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Committee bill gives cannabis commission express authority over host community agreements

Eric Engman/Associated Press

Lawmakers on the Massachusetts Legislature’s Cannabis Policy Committee on Friday advanced a redrafted bill that would give the Cannabis Control Commission express authority to review and regulate the mandatory agreements and payments between host communities and marijuana businesses.

In addition to having the CCC regulate host community agreements (HCAs), the committee said its bill (S 1126/H 3536) would allow a municipality to waive the requirement to have an HCA, make clear that an HCA may not require any financial obligations beyond the maximum 3 percent of gross sales fee, and clarify that the five-year term of an HCA begins on the day the business opens to customers.


“The legal framework for the new marijuana market is supposed to strike a balance across multiple goals — competing out the illicit market, local and restorative economic development, public revenue generation, and public health and safety among them. Unrestrained and expensive host community agreements that have become common over the past year have compromised multiple of those goals,” said Senator Sonia Chang-Diaz, the committee’s Senate chair. “The bill the Cannabis Policy Committee is reporting out today seeks to put more explicit guard rails on the development of HCAs, to restore balance to the market and enable entrepreneurs who don’t have $1 million in starting capital to still have a chance at competing.”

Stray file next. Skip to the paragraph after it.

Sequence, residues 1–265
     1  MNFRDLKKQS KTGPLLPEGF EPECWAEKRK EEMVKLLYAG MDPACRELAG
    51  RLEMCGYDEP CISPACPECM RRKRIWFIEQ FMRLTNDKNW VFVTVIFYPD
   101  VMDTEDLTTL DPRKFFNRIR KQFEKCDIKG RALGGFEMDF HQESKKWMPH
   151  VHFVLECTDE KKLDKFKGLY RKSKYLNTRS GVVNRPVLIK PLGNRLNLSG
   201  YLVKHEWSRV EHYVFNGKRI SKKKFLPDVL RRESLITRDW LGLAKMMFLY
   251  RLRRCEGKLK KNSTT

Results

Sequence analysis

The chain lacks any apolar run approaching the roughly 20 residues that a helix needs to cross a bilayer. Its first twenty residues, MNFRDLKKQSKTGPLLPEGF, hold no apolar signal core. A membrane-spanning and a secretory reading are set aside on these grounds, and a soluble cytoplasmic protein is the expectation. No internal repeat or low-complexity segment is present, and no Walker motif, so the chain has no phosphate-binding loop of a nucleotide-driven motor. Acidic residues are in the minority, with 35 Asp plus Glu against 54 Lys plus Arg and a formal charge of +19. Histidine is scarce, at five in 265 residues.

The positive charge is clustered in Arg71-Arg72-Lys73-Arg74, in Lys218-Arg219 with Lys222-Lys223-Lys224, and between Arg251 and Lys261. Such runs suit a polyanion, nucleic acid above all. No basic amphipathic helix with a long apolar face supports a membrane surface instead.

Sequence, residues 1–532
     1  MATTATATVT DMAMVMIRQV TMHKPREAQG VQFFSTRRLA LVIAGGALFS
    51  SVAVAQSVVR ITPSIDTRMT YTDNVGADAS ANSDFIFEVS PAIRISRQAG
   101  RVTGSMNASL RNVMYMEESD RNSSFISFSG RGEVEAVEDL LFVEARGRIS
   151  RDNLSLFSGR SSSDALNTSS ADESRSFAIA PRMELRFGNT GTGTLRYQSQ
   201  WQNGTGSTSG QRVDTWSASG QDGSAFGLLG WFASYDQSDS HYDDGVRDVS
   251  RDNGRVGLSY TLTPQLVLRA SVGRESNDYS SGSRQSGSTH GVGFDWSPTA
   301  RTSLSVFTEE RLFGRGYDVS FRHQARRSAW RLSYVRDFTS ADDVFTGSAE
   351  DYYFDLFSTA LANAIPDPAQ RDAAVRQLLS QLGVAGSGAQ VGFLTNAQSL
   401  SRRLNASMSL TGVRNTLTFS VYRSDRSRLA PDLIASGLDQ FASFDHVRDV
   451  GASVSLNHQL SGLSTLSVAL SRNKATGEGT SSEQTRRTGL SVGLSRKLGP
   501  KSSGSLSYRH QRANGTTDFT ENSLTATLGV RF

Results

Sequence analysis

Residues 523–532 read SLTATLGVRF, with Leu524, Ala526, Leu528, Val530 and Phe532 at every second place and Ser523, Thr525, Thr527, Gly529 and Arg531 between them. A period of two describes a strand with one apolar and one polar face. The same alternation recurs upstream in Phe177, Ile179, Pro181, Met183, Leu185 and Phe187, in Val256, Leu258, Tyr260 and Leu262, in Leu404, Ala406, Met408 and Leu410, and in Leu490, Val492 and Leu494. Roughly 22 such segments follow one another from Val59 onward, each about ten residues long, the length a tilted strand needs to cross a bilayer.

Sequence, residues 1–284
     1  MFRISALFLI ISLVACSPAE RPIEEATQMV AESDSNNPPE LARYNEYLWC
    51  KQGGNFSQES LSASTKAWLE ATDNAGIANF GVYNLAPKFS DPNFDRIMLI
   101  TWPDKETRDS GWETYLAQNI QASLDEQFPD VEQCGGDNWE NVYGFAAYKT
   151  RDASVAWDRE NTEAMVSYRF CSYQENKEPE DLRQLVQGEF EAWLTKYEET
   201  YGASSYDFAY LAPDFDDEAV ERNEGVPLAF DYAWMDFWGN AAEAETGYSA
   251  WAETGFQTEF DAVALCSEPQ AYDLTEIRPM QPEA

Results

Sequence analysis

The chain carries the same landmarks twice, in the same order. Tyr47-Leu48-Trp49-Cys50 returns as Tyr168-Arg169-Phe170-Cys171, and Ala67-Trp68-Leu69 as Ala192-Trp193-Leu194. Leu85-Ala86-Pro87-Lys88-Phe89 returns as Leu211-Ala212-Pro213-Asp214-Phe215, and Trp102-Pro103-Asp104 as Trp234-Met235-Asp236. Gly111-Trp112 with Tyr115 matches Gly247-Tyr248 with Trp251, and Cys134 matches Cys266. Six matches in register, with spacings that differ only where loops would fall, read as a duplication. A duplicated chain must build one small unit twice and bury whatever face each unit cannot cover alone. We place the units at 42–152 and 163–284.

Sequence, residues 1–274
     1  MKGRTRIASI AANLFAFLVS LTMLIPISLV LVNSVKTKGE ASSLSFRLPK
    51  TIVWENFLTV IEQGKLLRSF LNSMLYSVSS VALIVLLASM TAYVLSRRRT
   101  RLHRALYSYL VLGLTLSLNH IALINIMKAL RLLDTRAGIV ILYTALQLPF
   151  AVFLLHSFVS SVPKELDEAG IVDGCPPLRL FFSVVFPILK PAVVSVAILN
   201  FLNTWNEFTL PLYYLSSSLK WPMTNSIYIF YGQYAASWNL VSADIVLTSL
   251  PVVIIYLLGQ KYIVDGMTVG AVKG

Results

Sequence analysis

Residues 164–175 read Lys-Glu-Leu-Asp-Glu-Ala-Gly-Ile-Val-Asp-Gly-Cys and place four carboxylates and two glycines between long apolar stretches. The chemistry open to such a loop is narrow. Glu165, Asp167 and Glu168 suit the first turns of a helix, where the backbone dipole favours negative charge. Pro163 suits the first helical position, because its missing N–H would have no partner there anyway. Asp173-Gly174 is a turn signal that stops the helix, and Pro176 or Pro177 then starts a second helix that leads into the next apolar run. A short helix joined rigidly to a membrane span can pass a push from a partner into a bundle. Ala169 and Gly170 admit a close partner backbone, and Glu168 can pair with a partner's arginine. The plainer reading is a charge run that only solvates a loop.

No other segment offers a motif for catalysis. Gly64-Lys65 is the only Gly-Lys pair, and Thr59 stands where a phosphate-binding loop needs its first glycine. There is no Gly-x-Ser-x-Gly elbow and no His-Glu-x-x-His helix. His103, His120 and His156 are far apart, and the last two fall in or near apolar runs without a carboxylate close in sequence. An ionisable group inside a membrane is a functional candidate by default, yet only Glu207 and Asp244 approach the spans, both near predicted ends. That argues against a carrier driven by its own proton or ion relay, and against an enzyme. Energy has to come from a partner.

State law requires applicants for marijuana business licenses to enter into a host community agreement before the CCC will consider an application. The law stipulates that those agreements cannot run for more than five years and that the community impact fee paid to the municipality by the licensee cannot exceed 3 percent of the establishment's gross sales.

But the CCC has wrestled with the policy for more than a year now as entrepreneurs, lawyers, and lobbyists have shared stories about cities or towns demanding a greater percentage of gross sales or other asks that would not appear to comply with the language of the law.